One of the most important things we do as officers is interface with victims, and what we say to them is much more important than we realize. Although officers are taught defensive tactics, driving skills, arrest procedures and constitutional law, I don’t know that many are schooled in how to deal with the emotional fall-out connected with the job in a caring, compassionate way. I know I wasn’t.
I’ve spoken with many families whose loved ones were involved in crimes or serious accidents, and many say they felt there was a lack of connection with the officers involved. Contrary to what we might think, most said they were not comforted by empty reassurances (like the officers who told the parent of an older missing teen that he was probably spending the night at a friend’s house and just forgot to tell them); they preferred the officer to be warm and friendly, but sincere and professional. I think it’s a hard balance to maintain when dealing with delivering bad news or dealing with situations that are ripe for heartache.
I once had to give a death notification I was not prepared to give. We were working a murder/suicide in which a man forced his way into an apartment where a group of people were playing cards. Among those present were two ex-wives and several teenage children of the man and the two women. He shot one former wife as the others fled, then turned the gun on himself. The surviving wife and children were taken to the police department for interviews and statements — they did not know the two were dead, only that the woman had been shot.
My lieutenant and I were standing on the sidewalk in front of the department with the other ex-wife and one of the older teens. He had told me to ask them to step outside so we could inform them that their loved ones had died. When the family came outside, the lieutenant turned to me and said, “This detective has something to tell you.” Then he walked away.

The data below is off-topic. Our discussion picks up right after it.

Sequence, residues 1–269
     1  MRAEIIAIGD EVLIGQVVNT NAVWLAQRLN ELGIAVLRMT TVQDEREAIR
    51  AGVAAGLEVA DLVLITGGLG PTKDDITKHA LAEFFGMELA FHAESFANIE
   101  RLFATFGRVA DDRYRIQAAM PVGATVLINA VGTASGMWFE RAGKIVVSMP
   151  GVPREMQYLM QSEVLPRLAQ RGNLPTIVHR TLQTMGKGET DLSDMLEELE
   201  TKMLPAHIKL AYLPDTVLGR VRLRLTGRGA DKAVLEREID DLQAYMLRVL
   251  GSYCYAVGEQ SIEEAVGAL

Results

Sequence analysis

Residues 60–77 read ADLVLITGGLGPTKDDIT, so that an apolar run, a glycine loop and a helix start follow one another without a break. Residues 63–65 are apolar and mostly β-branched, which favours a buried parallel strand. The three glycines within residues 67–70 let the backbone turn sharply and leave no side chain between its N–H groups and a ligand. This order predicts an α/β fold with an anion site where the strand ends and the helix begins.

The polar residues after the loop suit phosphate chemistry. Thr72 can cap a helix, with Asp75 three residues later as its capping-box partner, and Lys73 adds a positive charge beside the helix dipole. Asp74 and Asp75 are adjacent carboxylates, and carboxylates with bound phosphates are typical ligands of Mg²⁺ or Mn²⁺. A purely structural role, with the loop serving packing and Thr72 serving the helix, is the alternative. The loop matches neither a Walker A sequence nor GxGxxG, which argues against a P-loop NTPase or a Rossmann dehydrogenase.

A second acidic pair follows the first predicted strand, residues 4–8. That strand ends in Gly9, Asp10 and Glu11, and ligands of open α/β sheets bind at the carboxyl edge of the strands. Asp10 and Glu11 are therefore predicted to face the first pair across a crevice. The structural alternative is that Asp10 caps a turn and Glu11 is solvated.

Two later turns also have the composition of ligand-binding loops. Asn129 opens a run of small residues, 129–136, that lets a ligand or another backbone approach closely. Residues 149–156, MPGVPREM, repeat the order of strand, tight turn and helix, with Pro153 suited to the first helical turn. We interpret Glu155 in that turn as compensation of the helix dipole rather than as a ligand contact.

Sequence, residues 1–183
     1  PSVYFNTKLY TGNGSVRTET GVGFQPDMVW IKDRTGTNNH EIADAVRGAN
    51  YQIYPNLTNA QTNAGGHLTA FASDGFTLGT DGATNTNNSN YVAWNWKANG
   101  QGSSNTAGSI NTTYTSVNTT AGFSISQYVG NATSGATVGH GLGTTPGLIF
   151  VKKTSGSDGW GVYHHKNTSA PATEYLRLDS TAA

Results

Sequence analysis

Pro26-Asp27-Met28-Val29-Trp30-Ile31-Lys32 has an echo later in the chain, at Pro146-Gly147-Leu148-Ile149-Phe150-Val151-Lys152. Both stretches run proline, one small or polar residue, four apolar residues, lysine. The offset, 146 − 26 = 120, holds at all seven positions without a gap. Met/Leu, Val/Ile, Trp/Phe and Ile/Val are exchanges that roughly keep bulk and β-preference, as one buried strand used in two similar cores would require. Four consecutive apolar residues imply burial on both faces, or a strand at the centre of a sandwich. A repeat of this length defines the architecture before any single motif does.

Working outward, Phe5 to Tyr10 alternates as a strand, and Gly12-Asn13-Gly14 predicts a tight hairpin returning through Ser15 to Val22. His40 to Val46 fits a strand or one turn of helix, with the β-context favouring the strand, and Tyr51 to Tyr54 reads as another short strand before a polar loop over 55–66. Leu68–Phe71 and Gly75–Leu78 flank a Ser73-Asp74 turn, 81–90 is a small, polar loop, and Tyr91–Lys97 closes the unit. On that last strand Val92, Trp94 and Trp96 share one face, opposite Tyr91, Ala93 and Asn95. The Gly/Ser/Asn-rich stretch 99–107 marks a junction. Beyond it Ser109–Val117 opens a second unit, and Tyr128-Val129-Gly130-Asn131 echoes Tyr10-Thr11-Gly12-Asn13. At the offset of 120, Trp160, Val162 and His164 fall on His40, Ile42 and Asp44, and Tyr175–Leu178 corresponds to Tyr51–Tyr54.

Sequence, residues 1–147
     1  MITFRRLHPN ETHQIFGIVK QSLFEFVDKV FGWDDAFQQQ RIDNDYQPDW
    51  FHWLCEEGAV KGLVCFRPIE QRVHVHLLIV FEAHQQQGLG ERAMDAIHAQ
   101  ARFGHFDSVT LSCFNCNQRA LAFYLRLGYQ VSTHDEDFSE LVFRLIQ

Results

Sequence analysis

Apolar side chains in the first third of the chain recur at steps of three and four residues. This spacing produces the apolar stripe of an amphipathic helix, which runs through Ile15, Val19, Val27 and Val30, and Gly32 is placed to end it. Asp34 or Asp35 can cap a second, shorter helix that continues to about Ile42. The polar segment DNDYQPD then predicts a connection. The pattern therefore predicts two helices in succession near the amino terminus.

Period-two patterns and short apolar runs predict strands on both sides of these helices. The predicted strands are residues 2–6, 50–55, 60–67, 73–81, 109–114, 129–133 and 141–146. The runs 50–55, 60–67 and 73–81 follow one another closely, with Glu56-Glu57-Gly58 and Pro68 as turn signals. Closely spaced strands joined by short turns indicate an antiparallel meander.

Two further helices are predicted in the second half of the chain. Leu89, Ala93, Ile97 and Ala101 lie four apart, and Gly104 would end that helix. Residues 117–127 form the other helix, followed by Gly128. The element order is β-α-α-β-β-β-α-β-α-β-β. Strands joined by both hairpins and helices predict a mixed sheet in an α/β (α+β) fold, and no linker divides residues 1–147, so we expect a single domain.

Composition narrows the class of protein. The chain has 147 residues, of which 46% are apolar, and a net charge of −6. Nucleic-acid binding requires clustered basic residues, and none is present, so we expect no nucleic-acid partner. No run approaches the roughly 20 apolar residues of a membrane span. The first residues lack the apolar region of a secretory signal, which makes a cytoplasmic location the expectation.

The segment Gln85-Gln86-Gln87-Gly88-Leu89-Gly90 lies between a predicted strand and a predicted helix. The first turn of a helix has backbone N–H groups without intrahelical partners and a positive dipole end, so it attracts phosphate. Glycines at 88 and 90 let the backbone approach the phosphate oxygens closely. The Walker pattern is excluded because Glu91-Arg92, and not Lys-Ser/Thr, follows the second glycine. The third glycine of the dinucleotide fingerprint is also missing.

I have searched dark warehouses for armed men, climbed on tops of buildings in the pitch-blackness of night and have been on felony takedowns that panicked me less than that simple command. Suddenly I had to deliver terrible news to this very emotional and already devastated family. I had no idea what to say or how to say it.
While I was trying to figure out how to break the news, the woman asked me how everything was going. Reacting conversationally, I replied, “Fine” — a totally stupid thing to do — she misinterpreted and screamed with joy. I had to physically grab her and say, “No, I’m sorry, that is not what I meant.” I had to then tell her that both her former husband and her friend were dead. It was a horrible moment and entirely my fault. I simply wasn’t properly prepared to deliver the worst news possible.
As police officers we must think through these moments before we get there. It’s hard being the bearer of bad news and it’s just as hard understanding that the way we handle people in crisis is something they will never, ever forget. In fact, when they go back and remember what happened at that pivotal moment of their lives — the day their child disappeared or their loved one died, the day their world changed forever — everything that was said and done will remain chiseled in their minds forever. They will never forget what you tell them, and will always characterize your department by what you and other